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Element Indium, In, Poor Metal


In 1863 Ferdinand Reich, the head of Freiberg Mining academy Metallurgical laboratory with his assistant Hieronymus Theodor Richter were engaged in spectroscopic analysis of polymetallic ores and "earths" recovered in Freiberg area (Ore Mountains region), in search of thallium, which was discovered not long before that, in 1861 by English and French scientists. In spectrum of a sphalerite specimen they noticed two bright-blue lines of an unknown element. Soon they succeeded to extract a small amount of the new element, which they named indium, after the indigo line in its atomic spectrum. Richter went on to isolate the metal in 1867. In 1869 - 1871 Mendeleev, had measured the specific heat capacity and investigated the chemical properties of indium. He came to conclusion that his atomic weight should be approximately 114, and its capacity to form alums means that this element belongs to Aluminium subgroup. Later Henry Moseley confirmed all Mendeleev's conclusions.


Indium is a typical rare element by its abundance and a typical trace element by its dispersion. Its crustal abundance is 1.4x10-5%. Around 10 indium own minerals are known. Minerals in which indium is an essential element are very rare - indeed only three have been observed: dzahlindite In(OH)3, indite FeIn2S4 and roquesite CuInS2 (Genkin and Muraveva 1964). They do not have any commercial importance. Indium's ionic radius is close to those of more wide-spread elements (Fe, Zn, Mn, Sn, Mg, Pb etc). Indium may embed into their crystal grids. Nevertheless such minerals are very rare; their total quantity hardly exceeds several thousands of a percent. Minerals with 0.05-1% Indium is extremely small. Cylindrite Pb3Sn4Sb2S14 (0.1-1% In) and franckeite (up to 0.1% Indium) as well as sphalerite ZnS (0.1-1% Indium), chalcopyrite CuFeS2 (0.05-0.1% Indium) and bornite Cu3FeS3 (0.01-0.05% Indium) are the most well-known among them. Small amounts of Indium are found in black coals, petroleum from some deposits (up to 2.2x10-6% Indium), also in seawater ((0.02-7)x10-10% Indium) and in rainwater ((0.002-2)x10-7%). Indium abundance in Universe is estimated to be 3x10-10%mass. or 3x10-12% at.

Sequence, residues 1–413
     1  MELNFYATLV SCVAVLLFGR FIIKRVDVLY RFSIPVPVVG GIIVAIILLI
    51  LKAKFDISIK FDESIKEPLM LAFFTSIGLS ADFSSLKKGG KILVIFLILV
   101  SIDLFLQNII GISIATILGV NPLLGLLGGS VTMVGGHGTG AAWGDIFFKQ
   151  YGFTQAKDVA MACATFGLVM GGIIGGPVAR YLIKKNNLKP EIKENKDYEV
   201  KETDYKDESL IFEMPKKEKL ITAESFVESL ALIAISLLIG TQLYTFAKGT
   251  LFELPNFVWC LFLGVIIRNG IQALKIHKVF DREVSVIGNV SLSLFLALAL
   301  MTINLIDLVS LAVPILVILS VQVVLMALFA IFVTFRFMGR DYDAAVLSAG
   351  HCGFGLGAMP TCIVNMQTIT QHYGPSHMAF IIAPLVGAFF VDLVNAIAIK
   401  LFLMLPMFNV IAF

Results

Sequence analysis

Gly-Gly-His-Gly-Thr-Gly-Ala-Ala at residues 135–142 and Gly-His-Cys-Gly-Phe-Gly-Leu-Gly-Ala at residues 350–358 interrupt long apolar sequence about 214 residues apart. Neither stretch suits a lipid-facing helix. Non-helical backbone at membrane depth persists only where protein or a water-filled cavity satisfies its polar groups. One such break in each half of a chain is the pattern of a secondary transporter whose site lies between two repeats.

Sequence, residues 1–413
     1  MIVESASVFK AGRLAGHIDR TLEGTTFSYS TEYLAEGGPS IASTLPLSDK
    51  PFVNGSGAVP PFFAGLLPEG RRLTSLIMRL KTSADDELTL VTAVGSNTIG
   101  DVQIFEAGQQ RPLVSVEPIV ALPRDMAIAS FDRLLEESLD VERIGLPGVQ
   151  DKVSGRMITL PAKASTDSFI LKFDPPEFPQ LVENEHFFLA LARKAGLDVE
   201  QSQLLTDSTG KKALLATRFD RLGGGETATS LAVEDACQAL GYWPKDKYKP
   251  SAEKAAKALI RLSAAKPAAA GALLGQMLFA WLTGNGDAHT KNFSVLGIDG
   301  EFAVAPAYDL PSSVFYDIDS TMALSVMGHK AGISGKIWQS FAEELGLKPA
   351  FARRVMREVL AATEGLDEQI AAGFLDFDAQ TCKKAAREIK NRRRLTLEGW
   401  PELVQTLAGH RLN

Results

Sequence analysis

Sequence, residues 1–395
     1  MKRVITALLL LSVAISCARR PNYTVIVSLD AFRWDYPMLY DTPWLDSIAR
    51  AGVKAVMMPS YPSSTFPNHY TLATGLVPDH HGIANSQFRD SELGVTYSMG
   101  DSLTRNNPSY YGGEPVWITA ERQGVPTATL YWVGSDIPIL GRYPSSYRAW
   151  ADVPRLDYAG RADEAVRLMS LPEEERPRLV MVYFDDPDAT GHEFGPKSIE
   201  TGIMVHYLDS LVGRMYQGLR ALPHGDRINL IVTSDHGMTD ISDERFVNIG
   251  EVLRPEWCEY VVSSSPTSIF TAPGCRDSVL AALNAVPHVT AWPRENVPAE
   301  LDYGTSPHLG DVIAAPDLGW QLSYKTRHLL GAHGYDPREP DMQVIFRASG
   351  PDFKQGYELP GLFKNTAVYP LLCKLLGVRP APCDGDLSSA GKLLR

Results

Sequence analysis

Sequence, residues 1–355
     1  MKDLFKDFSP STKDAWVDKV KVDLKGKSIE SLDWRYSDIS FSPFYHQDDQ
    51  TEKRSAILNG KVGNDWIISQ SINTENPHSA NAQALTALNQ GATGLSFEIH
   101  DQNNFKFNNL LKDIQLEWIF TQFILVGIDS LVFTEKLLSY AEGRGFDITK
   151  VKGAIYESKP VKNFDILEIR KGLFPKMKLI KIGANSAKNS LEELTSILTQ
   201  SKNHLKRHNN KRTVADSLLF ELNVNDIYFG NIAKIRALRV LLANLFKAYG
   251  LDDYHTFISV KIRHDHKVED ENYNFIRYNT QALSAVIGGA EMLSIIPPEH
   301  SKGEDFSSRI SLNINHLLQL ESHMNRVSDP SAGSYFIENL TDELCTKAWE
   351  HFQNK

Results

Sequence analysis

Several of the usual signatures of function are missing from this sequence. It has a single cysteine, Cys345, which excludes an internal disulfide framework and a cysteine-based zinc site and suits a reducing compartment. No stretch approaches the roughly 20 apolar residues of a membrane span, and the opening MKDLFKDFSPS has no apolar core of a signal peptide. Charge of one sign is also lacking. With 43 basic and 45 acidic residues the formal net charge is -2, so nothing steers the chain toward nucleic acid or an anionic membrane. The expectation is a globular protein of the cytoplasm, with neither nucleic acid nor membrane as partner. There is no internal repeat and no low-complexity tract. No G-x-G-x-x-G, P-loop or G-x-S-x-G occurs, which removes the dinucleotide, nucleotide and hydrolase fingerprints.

Exact amount of Indium global reserves are unknown. According to United States Geological Surveys, in 2004 the capacity of Indium developed pool contained 2.5x103 tons of Indium.


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